Women shared that they completed a range of different types of work throughout the day, with their primary occupation as farmers balanced among many unpaid care responsibilities, including caring for children and elderly family members, cleaning, doing laundry, fetching water, and cooking for the household. The tasks are spread throughout the day, with little time for rest or leisure in between. Gardening is often done in the mid-morning and early evening, after cooking breakfast and cleaning the compound, and before preparing lunch and dinner. Cultivating rice during the rainy season is usually done for the full day.

All women who participated in the study shared their experiences of considerable physical heat stress in their work as farmers and emphasized that their experience of heat stress is significantly more severe during pregnancy. The degree of heat stress varies throughout the year according to workload and exposure to heat. Most women reported their most important exposure to heat as occurring during the dry season, when the sun is most intense, but often exposure to heat was high during the rainy season as well, when humidity is higher and longer days are spent working in the rice fields. One woman shared:

When you work in the garden, you go and come back. When you are working in the rice field, you go, and you are there until evening.”Ajara, age 29

Women frequently noted a significant difference in their body's reaction to heat when they are pregnant, compared to when they are not pregnant. Many reported feeling the heat more acutely when pregnant, as well as a reduced ability to cool their bodies. Common symptoms were headache, dizziness, nausea, and chills. Interestingly there were no concerns regarding access to drinking water, or maintaining an adequate level of hydration throughout the day, either at the gardens or the rice fields.

When it is very hot, whenever I go out I feel dizzy, headache. When I'm not pregnant I don't feel the heat of the sun very much, but when I am pregnant, whenever I am out, I feel like my body is burning. I don't know for other ladies, but for me, I always feel hot inside my body, I always ask the children to pour water on me so that I can feel a little less warm.”—Aminata, age 45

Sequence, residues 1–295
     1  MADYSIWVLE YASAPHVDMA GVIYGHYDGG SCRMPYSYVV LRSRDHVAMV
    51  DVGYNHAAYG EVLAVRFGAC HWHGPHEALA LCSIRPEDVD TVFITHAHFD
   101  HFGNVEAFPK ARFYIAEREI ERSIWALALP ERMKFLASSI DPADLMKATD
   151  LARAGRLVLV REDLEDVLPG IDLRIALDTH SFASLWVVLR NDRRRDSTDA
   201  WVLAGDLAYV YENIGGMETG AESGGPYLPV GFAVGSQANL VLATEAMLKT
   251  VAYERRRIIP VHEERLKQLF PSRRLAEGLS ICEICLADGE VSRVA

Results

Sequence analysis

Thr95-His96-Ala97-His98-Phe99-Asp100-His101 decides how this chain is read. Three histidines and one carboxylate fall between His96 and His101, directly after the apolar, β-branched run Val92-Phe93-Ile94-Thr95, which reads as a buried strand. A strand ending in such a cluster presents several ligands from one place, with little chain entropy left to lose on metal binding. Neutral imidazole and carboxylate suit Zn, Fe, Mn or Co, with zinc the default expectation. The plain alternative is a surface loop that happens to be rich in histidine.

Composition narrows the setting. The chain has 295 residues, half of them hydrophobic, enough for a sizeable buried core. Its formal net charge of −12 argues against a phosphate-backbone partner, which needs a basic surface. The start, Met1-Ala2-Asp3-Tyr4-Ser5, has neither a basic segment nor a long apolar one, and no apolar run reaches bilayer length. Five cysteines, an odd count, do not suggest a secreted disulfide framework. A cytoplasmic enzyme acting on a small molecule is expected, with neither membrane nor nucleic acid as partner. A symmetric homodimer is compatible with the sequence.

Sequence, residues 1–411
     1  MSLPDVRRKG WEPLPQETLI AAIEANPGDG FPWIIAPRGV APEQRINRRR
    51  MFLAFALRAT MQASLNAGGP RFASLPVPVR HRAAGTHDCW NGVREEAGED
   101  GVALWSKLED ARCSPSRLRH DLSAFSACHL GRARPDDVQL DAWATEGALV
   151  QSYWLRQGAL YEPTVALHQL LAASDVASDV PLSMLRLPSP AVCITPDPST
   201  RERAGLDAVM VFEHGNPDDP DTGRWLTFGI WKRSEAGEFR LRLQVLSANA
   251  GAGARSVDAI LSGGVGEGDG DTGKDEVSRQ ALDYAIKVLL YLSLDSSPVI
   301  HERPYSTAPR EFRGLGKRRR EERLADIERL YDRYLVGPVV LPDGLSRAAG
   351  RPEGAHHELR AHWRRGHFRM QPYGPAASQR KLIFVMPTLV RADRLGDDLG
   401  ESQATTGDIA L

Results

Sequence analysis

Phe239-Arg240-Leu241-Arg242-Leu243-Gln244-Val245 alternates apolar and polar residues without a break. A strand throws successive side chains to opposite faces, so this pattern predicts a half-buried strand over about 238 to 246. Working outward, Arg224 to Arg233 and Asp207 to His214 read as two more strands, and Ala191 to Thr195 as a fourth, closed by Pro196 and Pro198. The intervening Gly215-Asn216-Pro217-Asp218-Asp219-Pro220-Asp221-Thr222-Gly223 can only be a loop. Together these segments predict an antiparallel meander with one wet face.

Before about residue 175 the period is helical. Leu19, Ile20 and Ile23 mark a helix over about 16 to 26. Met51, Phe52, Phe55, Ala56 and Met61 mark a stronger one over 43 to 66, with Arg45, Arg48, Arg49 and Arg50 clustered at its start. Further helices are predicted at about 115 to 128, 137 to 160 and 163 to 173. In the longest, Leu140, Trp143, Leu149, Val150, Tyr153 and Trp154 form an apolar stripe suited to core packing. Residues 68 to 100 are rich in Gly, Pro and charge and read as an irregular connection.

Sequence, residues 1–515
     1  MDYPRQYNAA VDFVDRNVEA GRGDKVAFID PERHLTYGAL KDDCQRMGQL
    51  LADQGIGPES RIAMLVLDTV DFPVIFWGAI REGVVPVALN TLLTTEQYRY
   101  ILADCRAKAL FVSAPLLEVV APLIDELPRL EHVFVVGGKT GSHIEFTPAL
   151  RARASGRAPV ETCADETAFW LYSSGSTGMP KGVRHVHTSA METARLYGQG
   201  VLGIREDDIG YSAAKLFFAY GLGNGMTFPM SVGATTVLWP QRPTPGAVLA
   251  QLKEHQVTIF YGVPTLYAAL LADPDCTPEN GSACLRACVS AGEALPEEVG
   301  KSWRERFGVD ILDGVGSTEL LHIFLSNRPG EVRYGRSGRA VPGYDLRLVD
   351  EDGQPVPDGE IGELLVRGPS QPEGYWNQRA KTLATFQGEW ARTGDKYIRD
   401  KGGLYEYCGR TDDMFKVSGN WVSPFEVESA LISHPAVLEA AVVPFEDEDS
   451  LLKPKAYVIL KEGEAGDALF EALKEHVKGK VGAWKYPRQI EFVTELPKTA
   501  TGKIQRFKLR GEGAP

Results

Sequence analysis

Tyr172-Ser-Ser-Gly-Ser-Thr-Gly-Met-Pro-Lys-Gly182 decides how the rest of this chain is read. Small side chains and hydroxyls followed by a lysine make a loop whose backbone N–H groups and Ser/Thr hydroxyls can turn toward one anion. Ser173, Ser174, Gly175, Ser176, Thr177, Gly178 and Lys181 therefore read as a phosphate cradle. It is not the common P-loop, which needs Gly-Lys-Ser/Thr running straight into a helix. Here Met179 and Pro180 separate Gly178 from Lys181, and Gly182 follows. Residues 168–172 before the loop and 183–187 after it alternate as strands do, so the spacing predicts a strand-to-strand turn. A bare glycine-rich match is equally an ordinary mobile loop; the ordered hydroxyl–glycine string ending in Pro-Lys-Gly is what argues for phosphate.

Sources of Support

Supportive social relationships were frequently mentioned as important factors that enabled women to protect themselves from the heat. In some cases, women who worked with others around them would receive help with particularly challenging tasks during their pregnancy, such as watering or bending. Women with older children capable of helping with farming tasks shared that their children would often help with tasks like watering. However, this was not universal—often children were unable to help as they were going to school or occupied during working hours in the garden or the rice fields, or the woman did not feel comfortable asking those around her for help. Similarly, in some households a strictly gendered division of labor meant that male children would go only to help their father with cultivating cash crops, so a woman without daughters would be left to work alone in the garden or the rice fields.

My daughter is going to school and she is staying there, so my son is the only one who helps me at home but he goes to school as well, so he can only help when the school is closed.”—Aisha, age 30

Having a mother, sister, or co-wife nearby was often stated as an important source of support for women during their pregnancy. Women often referred to their mothers or sisters as being the ones who would help them with their farming and domestic work if they were ill or unable to work. Another woman shared about receiving support from her sister's daughter during her pregnancies:

With my previous pregnancies I was staying with my sister's daughter, and she would help me with my domestic work. But for this one I am alone here.”Aminata, age 45

Two women shared about being able to divide household tasks between co-wives residing in the same household. They would alternate cooking shifts, allowing each of them a restful afternoon several times a week. Leaving one's village for marriage was often a factor that removed access to these supportive relationships, and often they were not replaced. A woman who had moved to a village for marriage shared that she felt uncomfortable asking people in her village for help with the garden, and experienced limited support from her partner with her work: